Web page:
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Author Topic: [2018-04-18]Unpacking the 5 Biggest Cryptocurrency Scams  (Read 49 times)
Reatim
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April 19, 2018, 09:49:48 AM
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Unpacking the 5 Biggest Cryptocurrency Scams

Cryptocurrencies have revolutionized the way the world looks at transactions - but they’ve also facilitated some monumental scams over the past nine years.

The success of Bitcoin and a number of altcoins jumpstarted an industry that is incorporating Blockchain technology in a number of innovative ways.

While the smartest minds have created some game-changing companies backed by the power of Blockchain and cryptocurrencies, nefarious minds have also jumped on the bandwagon, fleecing unwitting investors in elaborate scams.

ICOs fever spawns massive scams


Since Bitcoin’s inception in 2009, people have become increasingly enamoured with the idea of Blockchain technology. Over time, developers and business minds began creating their own solutions with this decentralized ledger technology.

This led to the development of Ethereum and other virtual currencies, with the former in part responsible for a boom in initial coin offerings (ICO) in 2017.

As an ICO is essentially a round of public finding and is typically launched by a tech startup which sells inhouse cryptocurrency tokens to prospective investors, these investors buy tokens in the hopes that company will launch its product and the tokens will grow in value.

An ICO is not unlike an initial public offering, which is when a traditional company makes its share available for purchase to the general public. In fact, this is where the ICO moniker stems from.

Given that there are no promises that an ICO will make good on its future plans, investors take a leap of faith when they part ways with their money. This of course has led to a plethora of scams billed as ICOs, which have seen thousands of investors left out of pocket.

Here are five of the biggest ICO scams in history.

Pincoin and iFan


The most recent large-scale ICO scam grabbed headlines in April. Two ICOs, run by the same company operating out of Vietnam, are believed to have swindled around 32,000 investors of a combined $660 mln.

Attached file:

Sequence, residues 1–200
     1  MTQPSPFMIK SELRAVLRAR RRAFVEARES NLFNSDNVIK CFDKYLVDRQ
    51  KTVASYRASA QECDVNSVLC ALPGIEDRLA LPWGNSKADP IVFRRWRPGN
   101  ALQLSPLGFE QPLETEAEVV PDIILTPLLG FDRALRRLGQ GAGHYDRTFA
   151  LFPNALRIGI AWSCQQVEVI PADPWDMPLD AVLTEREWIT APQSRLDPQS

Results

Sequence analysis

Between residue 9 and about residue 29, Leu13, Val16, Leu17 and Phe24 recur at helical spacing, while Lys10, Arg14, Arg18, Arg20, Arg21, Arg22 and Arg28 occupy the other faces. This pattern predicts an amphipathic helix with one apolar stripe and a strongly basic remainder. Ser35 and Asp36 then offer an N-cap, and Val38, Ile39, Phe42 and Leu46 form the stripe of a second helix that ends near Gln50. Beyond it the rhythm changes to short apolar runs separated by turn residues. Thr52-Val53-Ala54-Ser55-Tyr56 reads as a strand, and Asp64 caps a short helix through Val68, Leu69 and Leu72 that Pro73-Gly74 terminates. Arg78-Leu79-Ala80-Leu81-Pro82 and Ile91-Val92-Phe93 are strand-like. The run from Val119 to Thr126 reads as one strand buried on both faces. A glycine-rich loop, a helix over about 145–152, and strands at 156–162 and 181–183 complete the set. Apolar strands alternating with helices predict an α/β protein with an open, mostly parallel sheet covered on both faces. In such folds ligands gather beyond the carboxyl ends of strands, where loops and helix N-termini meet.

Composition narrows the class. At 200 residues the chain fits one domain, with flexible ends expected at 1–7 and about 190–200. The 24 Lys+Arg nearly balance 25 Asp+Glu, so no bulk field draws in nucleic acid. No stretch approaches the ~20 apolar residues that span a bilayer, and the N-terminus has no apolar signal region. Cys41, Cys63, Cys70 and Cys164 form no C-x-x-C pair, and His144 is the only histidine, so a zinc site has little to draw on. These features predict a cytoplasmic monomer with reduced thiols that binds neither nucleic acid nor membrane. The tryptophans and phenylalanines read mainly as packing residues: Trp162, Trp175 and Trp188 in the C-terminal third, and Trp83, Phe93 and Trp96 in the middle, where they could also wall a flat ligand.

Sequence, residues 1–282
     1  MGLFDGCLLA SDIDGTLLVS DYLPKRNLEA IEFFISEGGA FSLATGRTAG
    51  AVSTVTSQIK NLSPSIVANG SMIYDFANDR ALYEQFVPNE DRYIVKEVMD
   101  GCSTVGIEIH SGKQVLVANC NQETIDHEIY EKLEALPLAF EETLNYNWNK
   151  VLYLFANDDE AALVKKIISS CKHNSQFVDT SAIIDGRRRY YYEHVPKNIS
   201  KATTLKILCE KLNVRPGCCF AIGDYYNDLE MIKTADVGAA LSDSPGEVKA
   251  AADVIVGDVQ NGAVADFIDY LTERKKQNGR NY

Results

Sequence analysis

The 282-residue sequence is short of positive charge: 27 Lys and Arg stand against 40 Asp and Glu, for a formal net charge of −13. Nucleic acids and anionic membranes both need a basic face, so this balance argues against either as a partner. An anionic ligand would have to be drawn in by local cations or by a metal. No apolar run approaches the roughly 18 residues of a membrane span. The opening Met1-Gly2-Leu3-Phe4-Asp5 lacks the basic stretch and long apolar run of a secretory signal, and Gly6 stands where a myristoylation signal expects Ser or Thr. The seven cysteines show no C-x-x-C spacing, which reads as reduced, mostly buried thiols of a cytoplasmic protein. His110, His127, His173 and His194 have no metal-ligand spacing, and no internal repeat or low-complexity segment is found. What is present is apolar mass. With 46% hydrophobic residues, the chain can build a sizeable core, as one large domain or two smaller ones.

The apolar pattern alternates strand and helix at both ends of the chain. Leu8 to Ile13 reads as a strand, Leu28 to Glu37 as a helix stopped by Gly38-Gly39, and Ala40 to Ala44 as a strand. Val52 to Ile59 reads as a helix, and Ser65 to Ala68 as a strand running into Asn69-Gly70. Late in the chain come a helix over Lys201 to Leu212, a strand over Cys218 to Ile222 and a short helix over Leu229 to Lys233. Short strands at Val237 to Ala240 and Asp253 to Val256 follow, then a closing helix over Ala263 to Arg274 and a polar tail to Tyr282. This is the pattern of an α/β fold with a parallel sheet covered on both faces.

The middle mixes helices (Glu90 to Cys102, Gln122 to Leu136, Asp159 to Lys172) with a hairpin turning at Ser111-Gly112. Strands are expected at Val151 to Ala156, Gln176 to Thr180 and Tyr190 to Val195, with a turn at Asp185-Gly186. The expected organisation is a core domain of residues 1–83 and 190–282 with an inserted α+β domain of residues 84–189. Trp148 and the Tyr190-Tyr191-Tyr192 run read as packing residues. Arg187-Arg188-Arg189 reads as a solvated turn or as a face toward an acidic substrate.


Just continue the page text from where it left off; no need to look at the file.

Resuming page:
The company in question, Modern Tech, packed up its offices in Ho Chi Minh city last month, making off with investors money. The scam is believed to be the biggest in ICO history.

A number of investors protested outside the vacant offices in the city on April 8, after the company refused to process cash withdrawals. The city’s administration has ordered police to investigate the fraud.

Both ICOs have been classified as multi-level marketing scams. iFan was advertised a social media platform for celebrities to promote their content to fans. Meanwhile Pincoin was promising 40 percent monthly returns on investments made. The project claimed to be building an online platform encompassing an ad network, auction and investment portal and peer-to-peer marketplace built on Blockchain technology.

OneCoin

OneCoin has been the subject of a number of investigations over the past 18 months. Officially labelled as a ‘clear ponzi scheme’ in India in July 2017, it was fined €2.5 mln by Italian authorities two months later.

Cointelegraph has previously warned readers to stay clear of the operation, as OneCoin does not even operate a legitimate decentralized cryptocurrency. Furthermore it does not have a public ledger and its Bulgarian offices were raided in January with servers seized by authorities as international investigations and court cases continue against the company.

Scandals in countries around the world summed up the fact that OneCoin is indeed a massive scam.

In 2016, over $30 mln dollars were seized by Chinese authorities investigating the OneCoin operation in the country.